I ran into this today, too - it seems like such a glaring omission that there must be a reason for it (Ben’s text selection idea maybe, but you’re right - that seems weird).

    Thomas - I don’t having the input inside the label is mandated in the specs, mainly because it’s valid (and very useful) to provide multiple labels to a single input.

    I seem to remember that structure causing problems with screen readers, too - though that’s an old memory.

  7. Andre's Gravatar

    Andre at 2:57am on 23rd October, 2010 #

    Thanks for posting this, it’s good logic but this script does not seem to work when tested on the ipad. As far as my research goes, click events added to certain text based elements like labels will be trumped by copy and paste selection functionality of safari mobile. If others are having success with this please share some more insight.
    As far as i know the only text based elements that register click are <a> tags with an href attribute. I had to wrap the label in a <a href=”#”> in order to capture a click to run my logic on.

  8. Matthew Pennell's Gravatar

    Matthew Pennell at 1:37pm on 23rd October, 2010 #

    @Andre: It’s working fine for me (just tested again on my iPad). Clicks on the labels select their corresponding form elements.

  9. Andre's Gravatar

    Andre at 10:05pm on 25th October, 2010 #

    Ok thanks a bunch for confirming, I appreciate that. I’ll look into my particular situation some more then to see where the hang up is.

  10. Colleen's Gravatar

    Colleen at 9:51am on 26th October, 2010 #

    While in the process of modifying your (life-saving) script to work with non-label elements, I discovered an even shorter fix. Tested on iPhone 3GS, iPhone 4 and iPad. I’m sure there are a dozen better ways to write this, but in the meantime stopPropagation() is working perfectly…

  11. Colleen's Gravatar

    Colleen at 10:12am on 26th October, 2010 #

    Whoops… didn’t realize HTML in comments was enabled.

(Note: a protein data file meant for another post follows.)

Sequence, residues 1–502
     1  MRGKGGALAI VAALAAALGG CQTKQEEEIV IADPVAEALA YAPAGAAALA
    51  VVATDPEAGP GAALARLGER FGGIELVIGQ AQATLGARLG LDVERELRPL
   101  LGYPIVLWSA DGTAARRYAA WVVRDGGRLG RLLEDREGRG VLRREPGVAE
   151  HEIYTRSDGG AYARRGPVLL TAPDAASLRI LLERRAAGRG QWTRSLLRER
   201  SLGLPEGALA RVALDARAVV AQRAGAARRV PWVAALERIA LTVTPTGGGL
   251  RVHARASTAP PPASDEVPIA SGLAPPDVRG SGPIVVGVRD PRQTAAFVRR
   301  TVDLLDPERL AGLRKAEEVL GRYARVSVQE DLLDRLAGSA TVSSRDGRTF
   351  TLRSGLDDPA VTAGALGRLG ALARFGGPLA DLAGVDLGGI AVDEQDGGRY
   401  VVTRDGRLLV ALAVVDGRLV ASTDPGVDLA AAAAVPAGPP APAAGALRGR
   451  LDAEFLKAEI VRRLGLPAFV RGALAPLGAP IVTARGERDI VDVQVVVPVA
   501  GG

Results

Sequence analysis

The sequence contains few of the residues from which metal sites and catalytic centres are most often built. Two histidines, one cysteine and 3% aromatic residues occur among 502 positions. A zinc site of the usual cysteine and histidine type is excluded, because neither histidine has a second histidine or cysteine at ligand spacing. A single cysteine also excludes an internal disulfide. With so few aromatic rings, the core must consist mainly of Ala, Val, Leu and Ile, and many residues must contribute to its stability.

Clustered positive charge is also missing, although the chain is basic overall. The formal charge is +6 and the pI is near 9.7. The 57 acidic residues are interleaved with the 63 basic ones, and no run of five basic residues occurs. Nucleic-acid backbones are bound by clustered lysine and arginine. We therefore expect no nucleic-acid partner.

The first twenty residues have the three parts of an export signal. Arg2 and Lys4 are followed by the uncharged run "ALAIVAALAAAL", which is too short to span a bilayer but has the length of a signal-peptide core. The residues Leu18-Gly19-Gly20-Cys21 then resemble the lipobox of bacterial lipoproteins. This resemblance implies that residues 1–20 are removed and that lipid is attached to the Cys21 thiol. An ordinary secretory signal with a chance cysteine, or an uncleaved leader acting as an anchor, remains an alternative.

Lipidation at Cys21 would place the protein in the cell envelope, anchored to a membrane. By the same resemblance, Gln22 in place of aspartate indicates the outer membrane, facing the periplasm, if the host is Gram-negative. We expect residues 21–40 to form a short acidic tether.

Demo page here:

    http://deleri.com/checkbox.html

    It feels deceptively simple… am I missing something?

  12. Matthew Pennell's Gravatar

    Matthew Pennell at 9:28pm on 26th October, 2010 #

    Wow, great find Colleen!

    The only drawback I can see is if you are relying on event delegation to pick up the click event further up the DOM; by stopping propagation you will not call any functions bound to parent elements or the document itself.

  13. hypest's Gravatar

    hypest at 3:48am on 29th October, 2010 #

    hmm, I probably found yet a simpler solution… Tested it in the iPad/iPhone emulator…

    just define the onlick handler of the label!!

    example: <label>

  14. hypest's Gravatar

    hypest at 3:51am on 29th October, 2010 #

    (sorry.. posting again, more friendly for this comment system this time)

    hmm, I probably found yet a simpler solution… Tested it in the iPad/iPhone emulator…

    just define the onlick handler of the label, even an empty one!

    example: ... label onclick = [removed] ; ...

  15. Davide Molin's Gravatar

    Davide Molin at 6:23am on 1st December, 2010 #

    @Thomas
    I’ve never put the input fields INSIDE their corresponding label tags. I find it unpractical, un-aesthetic and semantically incorrect.
    Where did you read that the input should be ‘inside’ the label tag ??? It’s not mentioned anywhere.. on the contrary, if you look at the specs from W3C you see exactly the opposite:
    http://www.w3.org/TR/WCAG20-TECHS/H44.html.

    Anyway, the label “for” attribute exists precisely to link the label to the input tag. If the input tag were supposed to be ‘inside’ the label, it would not make any sense to link the two with an attribute.

    Last thing: It’s simply UNTRUE that in IE7-8 the click event is not fired if you put the checkbox “outside” of the label!!

  16. Davide Molin's Gravatar

    Davide Molin at 6:36am on 1st December, 2010 #

    Let me be more precise:

    These are the specs for HTML 4.01:

    http://www.w3.org/TR/1999/REC-html401-19991224/interact/forms.html#h-17.9.1

    in which you can also see that a form control can be associated with more than one label; Containment should be even impossible in that scenario.

    It’s true than you “can” insert an input control “inside” the label; but It’s not mandatory and it’s not even suggested. Doing that, moreover ,creates a strict coupling between the two, making impossible any other association and impacting even over layout.

    Obviously, you’re free to do that.. but, for what ?  ;)

  17. Matthew Pennell's Gravatar

    Matthew Pennell at 2:51pm on 1st December, 2010 #

    @Davide:

    It has always been the case that you have had the option of putting form elements inside their LABEL tag; semantically it creates an implicit relationship between the two (and some browsers then no longer need the for attribute if the label wraps the element), and aesthetically it makes no difference - and can sometimes make it easier to style the element.